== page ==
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Discussion Starter · #1 · (Edited)
This isn't a production vehicle yet - and I'm pretty sure it never will be - but it's an interesting EV proposal and prototype:
Bollinger B1

Lots of press coverage is easy to find, most of it not providing any useful analysis... just search for something like "Bollinger electric truck".

Some forum members may know the company founder - Dave Bollinger - since I see that name as a Tesla owner in a couple of posts.

This is a 4WD utility vehicle, which they are very deliberately calling a "truck" rather than an "SUV". It follows the battery-as-floor-platform design pattern (although with a backbone frame), with a now-conventional drivetrain of a transverse motor at each end, with 2-stage spur gear reduction boxes and differentials. Motors are within the wheelbase (ahead of the rear axle and behind the front). Suspension is double-A-arm, with hydropneumatic suspension. Axles are portal type (geared drop boxes at the hubs) with inboard disc brakes. The structure is an unworkably expensive but cool welded fabrication of aluminum, much of it milled from billet; a production design would need to use suitable extrusions, castings, and bent sheet components; I can only guess that's their intention. The upper body can be configured (with significant effort by two people, handling it in six pieces) as a four-seat SUV or 2-seat pickup, although there is no indication of how the "mid-gate" (in GM terms) might be handled or if one even exists - none is shown in the material which I've seen.

The novel feature is the first functional use of the flat-platform pattern that I've seen. The GM Hy-wire concept had an open space end to end, but there was no safe way to use the forward space, and it relied on an entirely drive-by-wire design which is not production-worthy yet. This one has an access tunnel between the front trunk and main interior, with a level floor through them. There should be a door for the tunnel, but I didn't see one... that's just one of at many issues to be addressed to make it production-worthy, but at least this is an operating prototype (not just a computer model).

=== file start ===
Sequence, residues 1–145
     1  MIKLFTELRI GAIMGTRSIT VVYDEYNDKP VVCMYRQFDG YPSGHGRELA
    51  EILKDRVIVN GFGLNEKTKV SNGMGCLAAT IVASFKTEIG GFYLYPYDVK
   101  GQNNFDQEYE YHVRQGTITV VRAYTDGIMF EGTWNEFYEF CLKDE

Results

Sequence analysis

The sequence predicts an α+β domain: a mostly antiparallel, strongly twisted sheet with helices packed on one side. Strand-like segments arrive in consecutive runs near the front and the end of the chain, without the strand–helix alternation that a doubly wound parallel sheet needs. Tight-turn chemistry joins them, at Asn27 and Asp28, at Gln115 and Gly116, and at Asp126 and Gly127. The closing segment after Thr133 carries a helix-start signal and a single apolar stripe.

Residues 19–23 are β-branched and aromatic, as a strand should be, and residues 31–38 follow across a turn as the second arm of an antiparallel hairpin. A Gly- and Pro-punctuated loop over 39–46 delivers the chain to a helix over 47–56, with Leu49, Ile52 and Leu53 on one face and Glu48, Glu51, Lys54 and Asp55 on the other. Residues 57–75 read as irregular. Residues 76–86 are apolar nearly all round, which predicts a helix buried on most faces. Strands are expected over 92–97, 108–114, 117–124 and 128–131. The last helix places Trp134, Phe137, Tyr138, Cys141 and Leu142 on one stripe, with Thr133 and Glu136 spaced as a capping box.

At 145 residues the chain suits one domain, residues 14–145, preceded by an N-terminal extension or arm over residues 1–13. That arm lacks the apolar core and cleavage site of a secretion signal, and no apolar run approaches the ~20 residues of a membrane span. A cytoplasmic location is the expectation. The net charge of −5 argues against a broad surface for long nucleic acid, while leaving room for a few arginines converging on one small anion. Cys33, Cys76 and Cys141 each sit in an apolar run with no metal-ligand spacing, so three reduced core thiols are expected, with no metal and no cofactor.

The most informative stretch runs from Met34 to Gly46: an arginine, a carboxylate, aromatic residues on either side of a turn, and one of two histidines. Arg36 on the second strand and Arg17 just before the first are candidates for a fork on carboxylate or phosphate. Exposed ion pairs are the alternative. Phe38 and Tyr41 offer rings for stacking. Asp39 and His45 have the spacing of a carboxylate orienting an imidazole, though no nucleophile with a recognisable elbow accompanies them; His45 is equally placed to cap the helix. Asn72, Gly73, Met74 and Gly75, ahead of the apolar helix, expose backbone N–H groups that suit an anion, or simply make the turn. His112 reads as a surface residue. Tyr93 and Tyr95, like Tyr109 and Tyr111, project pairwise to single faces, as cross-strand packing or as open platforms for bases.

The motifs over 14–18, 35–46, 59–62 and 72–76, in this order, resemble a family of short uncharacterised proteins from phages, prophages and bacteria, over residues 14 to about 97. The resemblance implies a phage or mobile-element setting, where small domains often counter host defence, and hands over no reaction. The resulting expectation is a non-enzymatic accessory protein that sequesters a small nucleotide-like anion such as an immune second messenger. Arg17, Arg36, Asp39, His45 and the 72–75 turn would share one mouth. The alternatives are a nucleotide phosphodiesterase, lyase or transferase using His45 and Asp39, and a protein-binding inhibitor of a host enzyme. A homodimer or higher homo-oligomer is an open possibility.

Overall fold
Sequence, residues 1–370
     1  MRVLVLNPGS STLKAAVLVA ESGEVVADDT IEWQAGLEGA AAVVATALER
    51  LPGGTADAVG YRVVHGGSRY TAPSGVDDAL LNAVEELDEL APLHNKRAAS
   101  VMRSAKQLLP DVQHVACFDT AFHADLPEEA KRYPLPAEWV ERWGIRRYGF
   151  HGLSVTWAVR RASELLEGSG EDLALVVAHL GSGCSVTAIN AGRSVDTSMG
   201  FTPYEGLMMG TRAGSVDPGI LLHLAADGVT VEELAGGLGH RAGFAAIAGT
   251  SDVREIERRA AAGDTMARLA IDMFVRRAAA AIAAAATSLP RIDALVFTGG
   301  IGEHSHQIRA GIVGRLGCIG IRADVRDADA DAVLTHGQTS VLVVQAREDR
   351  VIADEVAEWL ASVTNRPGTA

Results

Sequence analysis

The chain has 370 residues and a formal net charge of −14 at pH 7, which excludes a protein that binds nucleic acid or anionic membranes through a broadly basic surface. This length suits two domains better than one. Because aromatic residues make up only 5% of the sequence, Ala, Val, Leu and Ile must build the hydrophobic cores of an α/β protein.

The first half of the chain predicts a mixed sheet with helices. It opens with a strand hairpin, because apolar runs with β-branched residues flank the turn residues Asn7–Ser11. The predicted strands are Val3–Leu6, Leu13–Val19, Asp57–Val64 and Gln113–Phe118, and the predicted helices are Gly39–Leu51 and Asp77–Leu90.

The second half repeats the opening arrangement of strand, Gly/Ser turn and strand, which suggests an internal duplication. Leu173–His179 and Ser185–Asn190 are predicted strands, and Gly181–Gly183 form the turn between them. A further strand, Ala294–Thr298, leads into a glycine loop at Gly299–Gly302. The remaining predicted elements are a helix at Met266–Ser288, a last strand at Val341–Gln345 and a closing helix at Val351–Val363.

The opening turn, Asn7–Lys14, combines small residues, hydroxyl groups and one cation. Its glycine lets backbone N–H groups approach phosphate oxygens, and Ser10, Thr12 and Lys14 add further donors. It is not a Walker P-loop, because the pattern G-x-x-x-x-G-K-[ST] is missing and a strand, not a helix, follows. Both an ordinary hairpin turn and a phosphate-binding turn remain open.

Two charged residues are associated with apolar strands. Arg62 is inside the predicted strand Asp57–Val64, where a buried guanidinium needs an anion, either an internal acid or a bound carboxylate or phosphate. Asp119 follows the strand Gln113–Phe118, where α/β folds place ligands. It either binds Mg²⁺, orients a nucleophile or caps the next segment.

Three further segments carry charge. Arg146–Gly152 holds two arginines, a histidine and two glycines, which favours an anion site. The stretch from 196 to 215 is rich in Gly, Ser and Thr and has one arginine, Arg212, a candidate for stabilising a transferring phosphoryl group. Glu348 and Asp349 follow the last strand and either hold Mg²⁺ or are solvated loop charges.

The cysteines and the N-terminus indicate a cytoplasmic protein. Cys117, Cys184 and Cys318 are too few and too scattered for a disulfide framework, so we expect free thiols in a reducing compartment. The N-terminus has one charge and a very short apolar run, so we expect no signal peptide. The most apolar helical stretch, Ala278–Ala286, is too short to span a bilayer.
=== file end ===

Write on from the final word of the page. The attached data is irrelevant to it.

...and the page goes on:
The weight ratings looked bizarre at first, until I realized that they used three-ton capacity axles to give a 10,001 pound GVWR, to put it (barely) into the Class 3 truck category (US Federal class HDV3), exempting it from various passenger-car regulations. That's like a "one ton" pickup truck, such as a GM 3500, Ram 3500, or Ford F-350. They would not want it to tow much of a trailer (since range would be terrible), so the trailer weight rating equals the payload rating: you could carry the trailer if you could crush it into a small enough block. ;)

An interesting spec is the economy number: at "67.4 est. MPGe" it looks quite precise, but that is just the result of guessing that it might use a nice round number of 500 watt-hours per mile, and dividing that into the nominal gasoline energy content of 33.7 kWh/gallon. My guess is that two tons of vehicle with the aerodynamics of a barn door and LT285/70R17 open-tread tires will use far more energy than that.

It does look cool - like an old Land Rover.
 

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The fact that we are starting to see prototype trucks of various sizes built around and BEV platform is testament that battery improvements are just around the corner.

Once the range issue is firmly in the past, truck enthusiasts are going to love the performance.
 

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Brian, thank you for your well-phrased and informative writeup.

I won't say the vehicle is ugly, but truly, flat sheet metal adds more weight than strength.
 

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Brian,
Thank you for bringing this to my attention.
Interesting to compare this to my own truck, which is a GMC 2500HD, having a 10,000 Lb towing capacity and a 16,000 pound GCWR (gross cargo weight).
I have my truck specifically for towing heavy loads long distances. A typical trip is with a 3-horse trailer traveling about 300 km (200 miles) round-trip. I don't think the Bollinger could match it for either mass or distance on this purpose. A fill-up at a gas station may be needed, but a 30-minute coffee break is not the same as a 7-hour overnight recharge!
I do also use my truck for an awful lot of short-haul trips with the box full of stuff, sometimes off road in 4X4, and I can see the Bollinger specs showing it capable of those trips. In fact, that would account for 3/4 of the trips I take in the truck; less than 50km/30miles and only partly on highway.
Unfortunately for Bollinger, the reason I have my big Chev is for the long-haul trips. I wouldn't have this truck if it couldn't do trip A. The ability to do trip B is just a tag-along.

I can see this truck fulfilling the need that most Hummer's and Navigator's fill, rather than actually doing any real work.
 

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Discussion Starter · #5 ·
Interesting to compare this to my own truck, which is a GMC 2500HD, having a 10,000 Lb towing capacity and a 16,000 pound GCWR (gross cargo weight).